The third is the right to argue and to make submissions to an impartial person that the DMP's case is inadequate and should not proceed to trial.Is it not extraordinary that one class of Australians, those who are prepared to put their lives on the line for their country, are the only ones in the nation to be denied elementary justice?
…effect on morale…
Now that this is common knowledge in the armed forces, we can imagine the impact on the morale of those in service and in due course the impact it will have on recruiting.And that is not all. The creation of this office undermines the chain of command.
It neutralises an important part of the authority commanding officers must have.This is militarily incoherent.Had this system been in operation in the Second World War with similar prosecutions being ordered from some Canberra office operating behind closed doors, months or years after the alleged offence , the AIF, the RAN and the RAAF would have been rendered impotent.
The Menzies and Curtin governments did not and would never have proposed such an office. The Americans would be astounded if a similar office were proposed there.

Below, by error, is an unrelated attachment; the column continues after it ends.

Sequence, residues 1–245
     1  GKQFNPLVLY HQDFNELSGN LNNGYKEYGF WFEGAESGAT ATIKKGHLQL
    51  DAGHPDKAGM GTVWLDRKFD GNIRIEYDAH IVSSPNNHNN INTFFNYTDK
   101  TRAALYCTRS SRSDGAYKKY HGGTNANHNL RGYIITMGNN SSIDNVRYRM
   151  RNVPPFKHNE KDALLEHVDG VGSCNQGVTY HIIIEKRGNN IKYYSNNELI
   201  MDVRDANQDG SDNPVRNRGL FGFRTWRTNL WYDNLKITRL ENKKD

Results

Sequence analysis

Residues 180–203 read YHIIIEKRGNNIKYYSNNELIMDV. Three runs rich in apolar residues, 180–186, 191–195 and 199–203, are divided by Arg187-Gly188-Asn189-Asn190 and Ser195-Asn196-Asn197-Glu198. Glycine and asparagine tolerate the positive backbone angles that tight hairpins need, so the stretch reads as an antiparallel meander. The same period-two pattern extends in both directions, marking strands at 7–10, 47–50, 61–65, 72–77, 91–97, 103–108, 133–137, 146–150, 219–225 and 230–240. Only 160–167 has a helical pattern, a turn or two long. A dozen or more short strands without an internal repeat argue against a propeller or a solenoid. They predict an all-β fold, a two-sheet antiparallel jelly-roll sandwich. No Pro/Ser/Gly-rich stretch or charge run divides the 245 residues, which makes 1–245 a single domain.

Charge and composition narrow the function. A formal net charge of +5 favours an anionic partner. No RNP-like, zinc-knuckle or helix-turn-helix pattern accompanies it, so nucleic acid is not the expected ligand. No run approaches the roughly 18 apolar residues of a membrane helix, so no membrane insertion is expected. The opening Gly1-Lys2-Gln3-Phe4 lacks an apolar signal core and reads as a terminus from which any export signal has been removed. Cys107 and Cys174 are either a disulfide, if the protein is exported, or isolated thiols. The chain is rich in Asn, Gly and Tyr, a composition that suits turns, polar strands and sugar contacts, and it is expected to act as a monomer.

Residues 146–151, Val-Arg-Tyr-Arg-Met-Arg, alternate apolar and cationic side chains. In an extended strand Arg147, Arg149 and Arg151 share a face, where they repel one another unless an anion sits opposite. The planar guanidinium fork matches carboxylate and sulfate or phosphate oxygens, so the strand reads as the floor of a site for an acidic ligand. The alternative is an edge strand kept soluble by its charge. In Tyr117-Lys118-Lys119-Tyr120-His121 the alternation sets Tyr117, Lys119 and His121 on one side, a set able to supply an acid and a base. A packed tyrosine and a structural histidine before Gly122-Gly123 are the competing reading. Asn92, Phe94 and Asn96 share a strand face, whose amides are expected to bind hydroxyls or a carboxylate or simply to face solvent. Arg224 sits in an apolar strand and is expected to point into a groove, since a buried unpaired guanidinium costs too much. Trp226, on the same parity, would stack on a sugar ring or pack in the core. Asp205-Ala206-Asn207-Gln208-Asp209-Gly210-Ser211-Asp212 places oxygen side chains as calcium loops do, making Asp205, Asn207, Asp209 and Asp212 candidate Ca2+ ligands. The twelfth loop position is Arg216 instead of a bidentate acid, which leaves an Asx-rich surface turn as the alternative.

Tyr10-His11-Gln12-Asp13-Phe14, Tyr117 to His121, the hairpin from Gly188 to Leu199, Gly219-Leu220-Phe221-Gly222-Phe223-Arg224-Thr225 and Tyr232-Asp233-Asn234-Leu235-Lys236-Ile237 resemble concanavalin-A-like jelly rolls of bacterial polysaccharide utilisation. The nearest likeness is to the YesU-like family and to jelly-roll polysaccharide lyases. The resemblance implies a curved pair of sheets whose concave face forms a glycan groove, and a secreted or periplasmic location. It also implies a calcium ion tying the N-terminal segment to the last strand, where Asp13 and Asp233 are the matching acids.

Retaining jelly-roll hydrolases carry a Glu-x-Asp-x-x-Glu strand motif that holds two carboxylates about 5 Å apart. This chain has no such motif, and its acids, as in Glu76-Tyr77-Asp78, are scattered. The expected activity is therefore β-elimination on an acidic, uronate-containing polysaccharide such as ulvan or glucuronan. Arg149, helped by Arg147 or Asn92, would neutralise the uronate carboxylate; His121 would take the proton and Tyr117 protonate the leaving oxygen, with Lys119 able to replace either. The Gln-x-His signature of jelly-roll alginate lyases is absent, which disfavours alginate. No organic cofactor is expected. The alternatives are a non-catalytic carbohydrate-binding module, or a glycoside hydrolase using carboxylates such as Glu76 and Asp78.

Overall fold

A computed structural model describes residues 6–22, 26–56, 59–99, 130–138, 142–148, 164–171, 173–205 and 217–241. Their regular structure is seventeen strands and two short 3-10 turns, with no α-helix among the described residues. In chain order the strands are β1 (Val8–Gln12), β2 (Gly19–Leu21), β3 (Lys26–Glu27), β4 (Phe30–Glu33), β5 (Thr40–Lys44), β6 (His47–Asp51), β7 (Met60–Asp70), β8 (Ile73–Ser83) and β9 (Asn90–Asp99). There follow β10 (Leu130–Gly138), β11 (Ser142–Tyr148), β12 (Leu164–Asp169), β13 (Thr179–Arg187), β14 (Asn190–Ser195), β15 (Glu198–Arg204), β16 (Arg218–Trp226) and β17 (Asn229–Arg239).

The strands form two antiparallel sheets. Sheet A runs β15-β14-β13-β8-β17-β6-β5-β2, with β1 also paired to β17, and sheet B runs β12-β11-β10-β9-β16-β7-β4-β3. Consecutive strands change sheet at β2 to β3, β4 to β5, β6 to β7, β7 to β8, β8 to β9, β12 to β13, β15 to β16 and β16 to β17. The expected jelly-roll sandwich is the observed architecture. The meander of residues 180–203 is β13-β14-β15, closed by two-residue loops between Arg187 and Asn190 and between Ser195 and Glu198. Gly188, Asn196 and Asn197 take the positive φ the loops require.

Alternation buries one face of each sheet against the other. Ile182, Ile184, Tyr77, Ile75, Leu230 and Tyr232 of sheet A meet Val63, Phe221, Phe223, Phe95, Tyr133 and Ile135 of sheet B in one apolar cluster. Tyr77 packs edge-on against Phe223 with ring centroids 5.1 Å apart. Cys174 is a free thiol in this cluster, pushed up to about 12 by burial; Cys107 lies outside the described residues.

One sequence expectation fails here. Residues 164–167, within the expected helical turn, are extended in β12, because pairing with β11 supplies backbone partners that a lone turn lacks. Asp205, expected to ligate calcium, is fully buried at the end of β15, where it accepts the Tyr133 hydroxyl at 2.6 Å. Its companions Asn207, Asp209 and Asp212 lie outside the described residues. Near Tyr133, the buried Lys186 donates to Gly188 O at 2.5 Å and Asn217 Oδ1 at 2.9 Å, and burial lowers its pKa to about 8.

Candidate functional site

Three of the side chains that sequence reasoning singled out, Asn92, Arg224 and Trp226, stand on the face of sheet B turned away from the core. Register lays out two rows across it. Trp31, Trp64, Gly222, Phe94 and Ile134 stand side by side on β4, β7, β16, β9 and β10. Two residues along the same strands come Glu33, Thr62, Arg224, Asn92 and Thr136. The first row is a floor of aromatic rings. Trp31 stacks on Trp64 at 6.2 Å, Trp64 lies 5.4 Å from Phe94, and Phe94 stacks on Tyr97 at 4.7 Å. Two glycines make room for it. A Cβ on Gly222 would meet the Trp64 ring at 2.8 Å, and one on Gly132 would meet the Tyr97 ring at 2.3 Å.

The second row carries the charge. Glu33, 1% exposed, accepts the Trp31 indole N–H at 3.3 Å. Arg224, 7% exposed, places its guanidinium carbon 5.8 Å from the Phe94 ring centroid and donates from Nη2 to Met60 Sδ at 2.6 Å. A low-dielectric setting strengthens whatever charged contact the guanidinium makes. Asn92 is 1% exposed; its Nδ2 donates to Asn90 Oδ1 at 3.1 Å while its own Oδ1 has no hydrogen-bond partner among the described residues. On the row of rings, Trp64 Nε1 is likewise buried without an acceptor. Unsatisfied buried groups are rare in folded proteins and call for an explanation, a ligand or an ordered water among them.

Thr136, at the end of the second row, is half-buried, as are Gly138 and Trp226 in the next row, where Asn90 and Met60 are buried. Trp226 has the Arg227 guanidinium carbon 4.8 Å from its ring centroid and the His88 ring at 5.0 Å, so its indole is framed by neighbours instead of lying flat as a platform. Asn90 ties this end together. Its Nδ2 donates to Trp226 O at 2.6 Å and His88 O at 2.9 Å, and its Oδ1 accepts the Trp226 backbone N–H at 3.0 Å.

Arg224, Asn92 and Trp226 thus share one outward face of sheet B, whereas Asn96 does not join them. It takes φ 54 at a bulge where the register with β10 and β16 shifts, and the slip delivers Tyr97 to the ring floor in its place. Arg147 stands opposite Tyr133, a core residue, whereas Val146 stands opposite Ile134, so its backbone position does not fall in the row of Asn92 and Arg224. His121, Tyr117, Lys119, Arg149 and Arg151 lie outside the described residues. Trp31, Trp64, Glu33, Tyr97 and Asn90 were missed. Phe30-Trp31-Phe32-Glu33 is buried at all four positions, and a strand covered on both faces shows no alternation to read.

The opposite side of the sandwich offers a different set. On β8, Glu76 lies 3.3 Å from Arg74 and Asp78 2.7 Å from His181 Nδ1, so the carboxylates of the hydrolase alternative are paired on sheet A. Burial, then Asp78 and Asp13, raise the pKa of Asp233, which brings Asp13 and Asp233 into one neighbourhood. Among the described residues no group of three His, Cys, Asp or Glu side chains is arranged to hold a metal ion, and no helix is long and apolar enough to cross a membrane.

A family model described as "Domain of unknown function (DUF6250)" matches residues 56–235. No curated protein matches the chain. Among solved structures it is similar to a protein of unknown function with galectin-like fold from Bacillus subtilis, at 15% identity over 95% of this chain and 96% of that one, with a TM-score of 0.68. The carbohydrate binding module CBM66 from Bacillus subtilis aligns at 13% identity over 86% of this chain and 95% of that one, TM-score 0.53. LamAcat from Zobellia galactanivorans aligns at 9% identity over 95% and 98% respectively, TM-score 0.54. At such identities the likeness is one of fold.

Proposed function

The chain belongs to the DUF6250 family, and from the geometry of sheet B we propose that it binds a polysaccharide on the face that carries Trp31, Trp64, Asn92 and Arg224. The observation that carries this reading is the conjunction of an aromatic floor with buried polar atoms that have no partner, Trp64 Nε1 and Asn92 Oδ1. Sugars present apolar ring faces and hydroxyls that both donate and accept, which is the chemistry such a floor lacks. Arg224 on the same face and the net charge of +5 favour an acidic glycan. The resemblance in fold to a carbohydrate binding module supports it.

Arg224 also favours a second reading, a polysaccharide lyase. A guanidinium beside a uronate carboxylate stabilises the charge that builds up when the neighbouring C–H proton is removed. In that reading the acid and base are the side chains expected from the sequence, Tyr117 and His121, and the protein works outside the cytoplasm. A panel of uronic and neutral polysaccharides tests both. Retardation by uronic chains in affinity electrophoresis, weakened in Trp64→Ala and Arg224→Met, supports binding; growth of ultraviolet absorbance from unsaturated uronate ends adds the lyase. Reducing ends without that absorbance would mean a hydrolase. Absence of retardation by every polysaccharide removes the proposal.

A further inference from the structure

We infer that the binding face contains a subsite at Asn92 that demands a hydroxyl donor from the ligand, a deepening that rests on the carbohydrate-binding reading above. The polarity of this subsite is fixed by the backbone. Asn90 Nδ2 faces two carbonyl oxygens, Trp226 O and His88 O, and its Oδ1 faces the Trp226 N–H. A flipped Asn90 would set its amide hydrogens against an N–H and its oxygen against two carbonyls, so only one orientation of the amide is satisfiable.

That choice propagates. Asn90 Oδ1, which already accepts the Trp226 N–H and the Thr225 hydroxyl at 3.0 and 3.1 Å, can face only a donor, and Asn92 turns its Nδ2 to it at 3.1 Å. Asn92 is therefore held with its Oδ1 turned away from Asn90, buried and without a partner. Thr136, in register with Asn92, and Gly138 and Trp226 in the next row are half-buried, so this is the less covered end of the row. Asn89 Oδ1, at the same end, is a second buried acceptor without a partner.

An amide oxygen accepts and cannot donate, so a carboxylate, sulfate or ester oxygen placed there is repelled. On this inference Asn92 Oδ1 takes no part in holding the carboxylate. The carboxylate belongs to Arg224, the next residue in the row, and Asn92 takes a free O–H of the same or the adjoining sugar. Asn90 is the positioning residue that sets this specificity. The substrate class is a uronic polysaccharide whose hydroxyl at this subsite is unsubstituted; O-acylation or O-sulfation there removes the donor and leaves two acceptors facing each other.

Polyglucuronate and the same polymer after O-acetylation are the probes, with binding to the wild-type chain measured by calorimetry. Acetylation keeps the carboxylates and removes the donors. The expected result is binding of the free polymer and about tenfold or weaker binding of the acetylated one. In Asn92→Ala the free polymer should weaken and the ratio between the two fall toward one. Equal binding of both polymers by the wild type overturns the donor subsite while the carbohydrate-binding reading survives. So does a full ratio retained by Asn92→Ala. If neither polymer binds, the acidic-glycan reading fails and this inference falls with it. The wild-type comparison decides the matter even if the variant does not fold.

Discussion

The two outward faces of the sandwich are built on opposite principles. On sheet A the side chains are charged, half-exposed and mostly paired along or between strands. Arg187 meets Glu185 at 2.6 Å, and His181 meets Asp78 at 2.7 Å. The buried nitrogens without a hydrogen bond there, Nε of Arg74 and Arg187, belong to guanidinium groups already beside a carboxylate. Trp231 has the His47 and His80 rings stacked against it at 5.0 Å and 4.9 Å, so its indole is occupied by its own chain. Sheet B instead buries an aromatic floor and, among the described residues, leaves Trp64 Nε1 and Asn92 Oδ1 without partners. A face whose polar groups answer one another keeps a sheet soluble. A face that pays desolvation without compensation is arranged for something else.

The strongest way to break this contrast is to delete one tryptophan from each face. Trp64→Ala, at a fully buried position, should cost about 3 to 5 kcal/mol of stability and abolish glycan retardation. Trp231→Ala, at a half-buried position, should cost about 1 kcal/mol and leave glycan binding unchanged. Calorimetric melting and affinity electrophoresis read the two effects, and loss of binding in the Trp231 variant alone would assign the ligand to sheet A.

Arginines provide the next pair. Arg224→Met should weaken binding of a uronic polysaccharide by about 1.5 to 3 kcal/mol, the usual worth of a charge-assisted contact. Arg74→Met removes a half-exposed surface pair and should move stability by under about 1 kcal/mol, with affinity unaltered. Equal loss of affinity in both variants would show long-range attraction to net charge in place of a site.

In the highly unlikely event that legislation to establish a US DMP were passed, the Supreme Court would surely find grounds to invalidate it, if not in the express terms of the constitution, at least in gazing into its penumbrae, or shadows.
…Parliament must act…
It has only now become evident that Parliament was seriously in error in approving the changes made to the military justice system in 2005 and 2006.
Until Brigadier McDade’s announcement parliamentarians were no doubt ignorant of its flaws.
To ignore these now and hope the immediate problem will go away by, say, an acquittal by the courts martial will only delay the day when real reform must take place.
It is the duty of each and every MP and Senator to take steps to correct it.
That duty is greater than appearing on such occasions as ANZAC day ceremonies to eulogise the armed forces. Without action, these will only be seen by members of the armed forces as empty gestures.
[ Earlier in this column on 4 October (“Military prosecutions: Parliament must act now”) we criticised the legislation under which the prosecution of three soldiers concerning an incident in Afghanistan was recently announced by the Director of Military Prosecutions. This was followed on 23 Ocotober Military Prosecutions: Parliament must act , The Military Justice System and 27 Ocotober Military Justice; station 2GB Alan Jones.
An earlier comment was published in The Australian 22/10 “Denial of rights for our brave Diggers”. ]